But 65 then is like 78 now, he says. In general, people are healthier, they work longer and have a higher quality of life than they did 70 years ago.
Still, many policies operate on old expectations, and the people who grew up during those times are now catching up to the current reality. That can be seen in the numbers of older workers working longer, both because they’re able and because they must.
Between 1977 and 2007, according to the Bureau of Labor Statistics, the employment of people 65 and older increased 101 percent. This is despite higher rates of unemployment compared with younger workers, and for longer durations of time. In 2009, 57 percent of those aged 65 and older were working full time.
A 2010 report from BLS traces the trend of older workers working longer to the ‘90s when workers had to adjust to the loss of defined benefit plans by employers.
According to the report: “Despite the recession — or perhaps because of it — older workers continued to increase their participation in the job market, at least through mid-2009. Whether the long–term pattern of growing labor force participation rates among older workers will continue beyond the recession remains to be seen.”
And just how those older workers will make it in the future also isn’t clear. In a 5,000 person survey by the AARP, participants reported a bleak view of the future.
- 67 percent applied for Social Security earlier than they had planned.
- 33 percent chose to keep working instead of retiring.
- 37 percent had to use credit cards on a daily basis.
- 36 percent were either no longer saving for retirement, or had cut back.
- And 12.4 percent lost their health insurance.
Currently, nine out of 10 people 65 and older receive Social Security, according to the Social Security Administration, and those benefits make up 41 percent of the income of the elderly.
According to the Census, the median income of households composed of people 65 and older is $31,408.
Health and home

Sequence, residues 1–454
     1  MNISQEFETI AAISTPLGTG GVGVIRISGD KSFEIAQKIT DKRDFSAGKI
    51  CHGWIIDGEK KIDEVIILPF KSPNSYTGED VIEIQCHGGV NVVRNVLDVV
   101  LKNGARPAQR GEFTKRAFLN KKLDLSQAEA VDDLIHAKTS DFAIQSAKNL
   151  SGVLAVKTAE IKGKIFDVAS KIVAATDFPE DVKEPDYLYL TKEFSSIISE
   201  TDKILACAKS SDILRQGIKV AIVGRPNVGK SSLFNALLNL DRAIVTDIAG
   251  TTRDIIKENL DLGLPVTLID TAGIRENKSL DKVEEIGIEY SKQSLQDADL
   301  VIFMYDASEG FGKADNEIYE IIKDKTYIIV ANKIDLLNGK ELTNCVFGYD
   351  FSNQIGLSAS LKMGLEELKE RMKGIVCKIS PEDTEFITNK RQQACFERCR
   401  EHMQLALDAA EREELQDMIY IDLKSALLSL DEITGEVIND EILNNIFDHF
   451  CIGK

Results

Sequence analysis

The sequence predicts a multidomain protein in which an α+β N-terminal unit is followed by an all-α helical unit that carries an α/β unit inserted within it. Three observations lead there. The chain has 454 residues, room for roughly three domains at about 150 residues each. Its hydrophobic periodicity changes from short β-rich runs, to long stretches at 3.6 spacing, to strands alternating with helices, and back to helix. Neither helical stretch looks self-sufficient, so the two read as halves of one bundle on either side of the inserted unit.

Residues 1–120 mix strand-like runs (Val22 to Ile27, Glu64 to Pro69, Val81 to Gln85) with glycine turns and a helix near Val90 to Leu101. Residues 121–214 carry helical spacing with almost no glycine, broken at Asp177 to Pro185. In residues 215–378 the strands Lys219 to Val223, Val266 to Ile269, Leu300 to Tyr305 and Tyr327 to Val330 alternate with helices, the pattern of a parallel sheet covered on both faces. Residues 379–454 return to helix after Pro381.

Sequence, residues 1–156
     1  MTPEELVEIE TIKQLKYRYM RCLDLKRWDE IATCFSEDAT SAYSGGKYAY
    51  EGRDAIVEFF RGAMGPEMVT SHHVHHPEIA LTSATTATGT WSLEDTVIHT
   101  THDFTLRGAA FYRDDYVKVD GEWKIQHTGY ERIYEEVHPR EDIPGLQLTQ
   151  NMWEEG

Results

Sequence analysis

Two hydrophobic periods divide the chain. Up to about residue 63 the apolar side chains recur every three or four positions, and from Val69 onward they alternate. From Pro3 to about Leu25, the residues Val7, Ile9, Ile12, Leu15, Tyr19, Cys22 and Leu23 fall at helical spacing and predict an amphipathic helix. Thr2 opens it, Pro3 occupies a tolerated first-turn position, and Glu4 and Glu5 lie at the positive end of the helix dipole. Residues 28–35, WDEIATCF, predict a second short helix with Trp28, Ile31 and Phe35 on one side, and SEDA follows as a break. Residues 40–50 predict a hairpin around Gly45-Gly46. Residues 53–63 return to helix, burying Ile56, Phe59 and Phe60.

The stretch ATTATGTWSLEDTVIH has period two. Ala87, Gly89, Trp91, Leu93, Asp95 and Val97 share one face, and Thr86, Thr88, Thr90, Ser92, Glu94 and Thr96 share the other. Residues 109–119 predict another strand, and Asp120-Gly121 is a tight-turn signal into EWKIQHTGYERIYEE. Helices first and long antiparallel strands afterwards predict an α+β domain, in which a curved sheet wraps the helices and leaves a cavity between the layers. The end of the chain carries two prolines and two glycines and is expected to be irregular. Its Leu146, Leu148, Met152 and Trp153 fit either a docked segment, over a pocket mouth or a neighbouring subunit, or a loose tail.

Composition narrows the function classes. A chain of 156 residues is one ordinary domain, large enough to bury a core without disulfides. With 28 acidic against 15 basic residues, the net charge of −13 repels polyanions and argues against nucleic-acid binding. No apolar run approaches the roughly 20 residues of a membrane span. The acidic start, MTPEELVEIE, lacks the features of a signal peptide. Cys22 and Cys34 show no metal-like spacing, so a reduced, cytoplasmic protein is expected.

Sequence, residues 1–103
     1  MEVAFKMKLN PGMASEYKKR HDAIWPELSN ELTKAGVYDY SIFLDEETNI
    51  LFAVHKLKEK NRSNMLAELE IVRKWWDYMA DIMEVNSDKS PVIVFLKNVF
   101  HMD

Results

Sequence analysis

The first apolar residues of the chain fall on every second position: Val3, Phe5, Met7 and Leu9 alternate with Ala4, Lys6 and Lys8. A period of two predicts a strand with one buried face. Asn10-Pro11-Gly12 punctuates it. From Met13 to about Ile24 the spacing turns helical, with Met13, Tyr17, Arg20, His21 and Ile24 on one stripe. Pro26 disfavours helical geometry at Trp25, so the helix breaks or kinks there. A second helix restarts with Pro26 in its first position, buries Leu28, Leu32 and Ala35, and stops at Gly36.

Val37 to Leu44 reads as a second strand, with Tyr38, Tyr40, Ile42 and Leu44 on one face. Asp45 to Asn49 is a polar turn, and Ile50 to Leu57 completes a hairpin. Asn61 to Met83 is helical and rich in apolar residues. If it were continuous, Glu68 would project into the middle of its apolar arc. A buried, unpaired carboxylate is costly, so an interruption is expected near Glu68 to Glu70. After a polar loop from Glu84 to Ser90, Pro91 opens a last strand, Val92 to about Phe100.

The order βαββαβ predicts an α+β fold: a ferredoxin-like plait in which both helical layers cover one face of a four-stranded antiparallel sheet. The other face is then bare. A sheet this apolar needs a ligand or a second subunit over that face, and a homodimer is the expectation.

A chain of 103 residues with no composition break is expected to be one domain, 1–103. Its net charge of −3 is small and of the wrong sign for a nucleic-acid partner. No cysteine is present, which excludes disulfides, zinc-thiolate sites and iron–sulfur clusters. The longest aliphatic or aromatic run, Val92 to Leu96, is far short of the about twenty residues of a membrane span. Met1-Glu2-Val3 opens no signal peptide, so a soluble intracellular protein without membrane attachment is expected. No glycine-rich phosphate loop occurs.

When Marcia Newton’s mother was 65, she retired because of glaucoma but kept active with her children, grandchildren and the community.
Now, Newton is 65. And she doesn’t feel like a senior.
“To me, a senior is my mom,” she says. “My mom’s 87.”
Newton, a Baden resident, retired in 2009. She worked in health care for 30 years and was laid off in 2007, then found work until 2009, when she officially retired. Newton completed her bachelor’s degree in 2010.
“I don’t feel like a grandparent at times,” she says. “My grandfather lived with us until he died, and I don’t see myself as being him at the same age.”
That could be, in part, thanks to her health. “People my age are a lot more active,” she says. “We’re doing things.”
When Newton first lost her job in 2007, though, she also lost her health insurance. She used the clinic at Grace Hill Health Centers, Inc., and in August, finally got Medicare.
Now, Newton says, she’s actually healthier than she was while working. She also joined her local health club recently. She was waiting to turn 65 to get her senior discount.
When Franklin McCallie retired as the principal of Kirkwood High School, he had both knees replaced and got braces.
“One of the things you do when you retire is you catch up with some things on your health,” says McCallie, a Kirkwood resident. Since retiring, he’s lost weight and is an active cyclist.
And he’s dealing with another issue that “young olds” may not have to face just yet but will eventually. Where will they live?